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Nadejda Rakovska, chief executive of start-up volatility specialist Volvar Asset Management, which is preparing to launch its first fund as a self-managed Luxembourg Sicav SIF, expects volatility to be recognised as a separate asset class that will attract increased allocations from multi-managers and balanced portfolios and prompt more players to launch funds.

GFM: What is the history and background of your company, principals and fund?
NR: Volvar Asset Management is a start-up company specialising in systematic absolute return volatility strategies. A partnership with Dutch seeding firm IMQubator for the launch of the first flagship fund was announced last December.
The firm, which is regulated by France’s Autorité des Marchés Financiers, is led by three founding partners, two of which, myself as chief executive and chief investment officer Yves Coignard, were formerly with the investment management division of Lehman Brothers.
Volvar AM will launch its first fund in the first quarter of this year as a self-managed Luxembourg Sicav SIF, structured as an umbrella fund, and expects assets in the range of EUR30m to EUR50m.
GFM: Who are your main service providers?
NR: State Street Luxembourg has been appointed as the custodian and administrator, while PwC Luxembourg is the auditor. Middle office is outsourced to State Street France and compliance to Marker CM.
GFM: What is your distribution strategy and targeted client base?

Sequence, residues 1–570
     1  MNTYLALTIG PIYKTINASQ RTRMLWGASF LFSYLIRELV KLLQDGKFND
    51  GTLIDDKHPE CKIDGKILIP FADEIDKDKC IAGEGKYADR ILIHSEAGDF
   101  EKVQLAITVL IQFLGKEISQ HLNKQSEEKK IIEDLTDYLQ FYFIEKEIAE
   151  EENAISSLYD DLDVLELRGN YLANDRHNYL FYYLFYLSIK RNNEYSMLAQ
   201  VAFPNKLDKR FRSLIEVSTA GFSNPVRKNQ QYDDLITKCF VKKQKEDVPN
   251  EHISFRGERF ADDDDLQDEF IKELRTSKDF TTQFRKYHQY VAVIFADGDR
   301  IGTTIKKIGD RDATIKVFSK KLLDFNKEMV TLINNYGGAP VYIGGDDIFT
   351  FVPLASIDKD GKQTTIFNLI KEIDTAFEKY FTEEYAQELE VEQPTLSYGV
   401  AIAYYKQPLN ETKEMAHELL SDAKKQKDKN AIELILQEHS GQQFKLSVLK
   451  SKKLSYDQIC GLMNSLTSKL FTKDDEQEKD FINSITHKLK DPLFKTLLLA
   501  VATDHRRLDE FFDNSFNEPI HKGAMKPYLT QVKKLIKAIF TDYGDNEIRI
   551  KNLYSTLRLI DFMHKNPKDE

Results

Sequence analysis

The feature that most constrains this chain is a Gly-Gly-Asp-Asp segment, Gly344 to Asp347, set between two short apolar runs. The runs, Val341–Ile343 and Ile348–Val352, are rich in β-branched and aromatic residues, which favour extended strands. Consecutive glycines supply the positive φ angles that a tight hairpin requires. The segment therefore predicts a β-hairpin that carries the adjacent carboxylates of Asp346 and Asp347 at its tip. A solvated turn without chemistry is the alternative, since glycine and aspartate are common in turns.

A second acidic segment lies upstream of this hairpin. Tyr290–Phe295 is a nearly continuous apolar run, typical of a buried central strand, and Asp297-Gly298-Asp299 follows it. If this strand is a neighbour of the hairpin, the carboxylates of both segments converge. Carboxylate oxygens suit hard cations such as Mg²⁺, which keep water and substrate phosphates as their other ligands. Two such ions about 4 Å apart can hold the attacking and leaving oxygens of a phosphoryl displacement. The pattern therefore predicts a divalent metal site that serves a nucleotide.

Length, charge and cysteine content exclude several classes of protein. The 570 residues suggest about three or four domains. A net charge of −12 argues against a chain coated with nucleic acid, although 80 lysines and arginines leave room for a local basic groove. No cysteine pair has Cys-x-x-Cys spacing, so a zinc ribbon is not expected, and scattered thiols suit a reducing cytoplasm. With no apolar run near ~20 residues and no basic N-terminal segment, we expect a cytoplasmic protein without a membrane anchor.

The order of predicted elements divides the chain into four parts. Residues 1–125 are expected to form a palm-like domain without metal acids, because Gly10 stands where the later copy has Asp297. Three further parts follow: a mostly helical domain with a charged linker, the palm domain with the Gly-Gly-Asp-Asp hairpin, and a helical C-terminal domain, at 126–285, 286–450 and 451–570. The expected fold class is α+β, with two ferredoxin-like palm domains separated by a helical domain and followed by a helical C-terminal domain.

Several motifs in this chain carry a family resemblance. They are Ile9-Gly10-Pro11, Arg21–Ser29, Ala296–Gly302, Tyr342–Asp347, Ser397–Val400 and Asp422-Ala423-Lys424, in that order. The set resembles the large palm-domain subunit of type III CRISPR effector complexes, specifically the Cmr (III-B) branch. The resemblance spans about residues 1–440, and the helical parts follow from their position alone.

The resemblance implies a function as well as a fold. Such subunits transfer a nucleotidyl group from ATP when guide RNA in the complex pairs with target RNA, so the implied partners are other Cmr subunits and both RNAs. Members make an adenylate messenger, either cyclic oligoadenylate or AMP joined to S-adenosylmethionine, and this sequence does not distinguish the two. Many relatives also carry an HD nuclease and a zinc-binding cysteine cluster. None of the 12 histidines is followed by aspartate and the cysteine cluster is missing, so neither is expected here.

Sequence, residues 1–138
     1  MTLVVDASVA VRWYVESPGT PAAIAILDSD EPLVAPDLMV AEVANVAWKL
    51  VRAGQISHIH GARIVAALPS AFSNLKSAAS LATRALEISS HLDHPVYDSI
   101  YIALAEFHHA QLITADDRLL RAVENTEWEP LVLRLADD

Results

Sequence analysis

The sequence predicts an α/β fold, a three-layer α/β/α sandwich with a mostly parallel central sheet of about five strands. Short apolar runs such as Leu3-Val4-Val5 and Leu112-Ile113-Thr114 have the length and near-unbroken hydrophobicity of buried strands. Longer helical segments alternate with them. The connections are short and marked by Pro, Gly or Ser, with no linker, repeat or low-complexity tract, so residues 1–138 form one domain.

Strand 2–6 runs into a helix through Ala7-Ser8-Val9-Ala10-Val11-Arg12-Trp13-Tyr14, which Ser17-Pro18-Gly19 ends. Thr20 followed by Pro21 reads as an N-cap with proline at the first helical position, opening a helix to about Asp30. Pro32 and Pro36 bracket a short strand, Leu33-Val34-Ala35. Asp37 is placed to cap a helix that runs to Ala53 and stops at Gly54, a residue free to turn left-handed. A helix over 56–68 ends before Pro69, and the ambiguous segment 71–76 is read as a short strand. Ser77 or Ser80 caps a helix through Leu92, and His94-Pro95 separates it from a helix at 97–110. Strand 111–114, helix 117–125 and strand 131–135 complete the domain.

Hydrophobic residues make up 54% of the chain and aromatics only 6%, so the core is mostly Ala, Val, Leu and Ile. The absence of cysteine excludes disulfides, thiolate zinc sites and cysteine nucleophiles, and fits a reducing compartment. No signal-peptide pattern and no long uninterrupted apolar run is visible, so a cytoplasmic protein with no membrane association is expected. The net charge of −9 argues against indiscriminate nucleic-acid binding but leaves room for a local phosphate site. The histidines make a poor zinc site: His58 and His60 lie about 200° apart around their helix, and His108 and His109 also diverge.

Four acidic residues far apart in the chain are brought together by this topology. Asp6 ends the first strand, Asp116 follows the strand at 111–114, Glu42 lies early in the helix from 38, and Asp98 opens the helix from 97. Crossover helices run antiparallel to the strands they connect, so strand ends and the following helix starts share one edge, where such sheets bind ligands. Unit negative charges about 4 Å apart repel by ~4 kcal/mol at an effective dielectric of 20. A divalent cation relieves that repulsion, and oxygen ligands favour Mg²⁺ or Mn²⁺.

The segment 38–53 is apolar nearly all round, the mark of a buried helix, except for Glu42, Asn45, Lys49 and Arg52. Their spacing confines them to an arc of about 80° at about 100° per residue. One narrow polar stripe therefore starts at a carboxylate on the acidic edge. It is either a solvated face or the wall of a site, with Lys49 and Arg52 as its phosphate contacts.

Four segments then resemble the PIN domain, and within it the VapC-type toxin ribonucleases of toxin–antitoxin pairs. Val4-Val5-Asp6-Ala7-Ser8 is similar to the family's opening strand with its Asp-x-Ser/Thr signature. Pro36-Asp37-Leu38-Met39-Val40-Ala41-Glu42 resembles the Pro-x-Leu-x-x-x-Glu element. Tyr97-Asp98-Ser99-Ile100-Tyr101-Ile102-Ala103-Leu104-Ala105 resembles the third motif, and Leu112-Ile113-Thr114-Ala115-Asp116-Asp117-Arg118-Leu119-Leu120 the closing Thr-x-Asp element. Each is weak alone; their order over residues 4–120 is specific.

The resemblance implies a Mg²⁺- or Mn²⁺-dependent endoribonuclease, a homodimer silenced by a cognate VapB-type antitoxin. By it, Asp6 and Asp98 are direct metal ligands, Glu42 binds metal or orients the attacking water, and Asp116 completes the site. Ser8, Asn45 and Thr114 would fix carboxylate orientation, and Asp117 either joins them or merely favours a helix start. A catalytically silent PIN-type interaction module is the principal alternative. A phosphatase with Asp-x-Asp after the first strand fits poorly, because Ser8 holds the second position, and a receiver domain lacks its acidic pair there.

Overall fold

NR: Our targeted clients in Europe are mainly institutional clients, family offices, funds of funds and other portfolio managers.
GFM: What impact has the recent global financial crisis and economic downturn had on your business?
NR: The raising of seeding capital has taken longer than initially expected, and due diligence processes have also become much more detail-oriented and time-consuming. However, the crisis has also drawn attention to our investment process, which aims to produce regular performance with extra returns in times of crisis.
GFM: Please describe your investment process.
NR: We implement systematic volatility relative value strategies playing on the term structure of index volatility. We take long and short positions on volatility instruments such as volatility futures, variance swaps and options. Short positions are designed to extract risk premium, while long positions act as a super-hedge of the risk on the short leg, at a reasonable cost.
GFM: How do you generate ideas for your funds?
NR: The ideas come from our knowledge, understanding and expertise of volatility markets, combined with common sense and in-house financial research. Each idea is submitted to qualitative ex-ante scenario-based scrutiny. The subsequent back tests are used for confirmation of the expected behaviour.
GFM: What is your approach to managing risk?
NR: As a systematic fund manager, our risk management is primarily embedded in the strategy and is based mainly on ex-ante assessments of co-movements of the different risk factors of implied volatility. We add a scenario-based stress test to our positions to limit the downside risk in the event of adverse market conditions, no matter how unlikely they seem. We also look at historical value at risk.
GFM: Are you looking at any particularly attractive opportunities right now?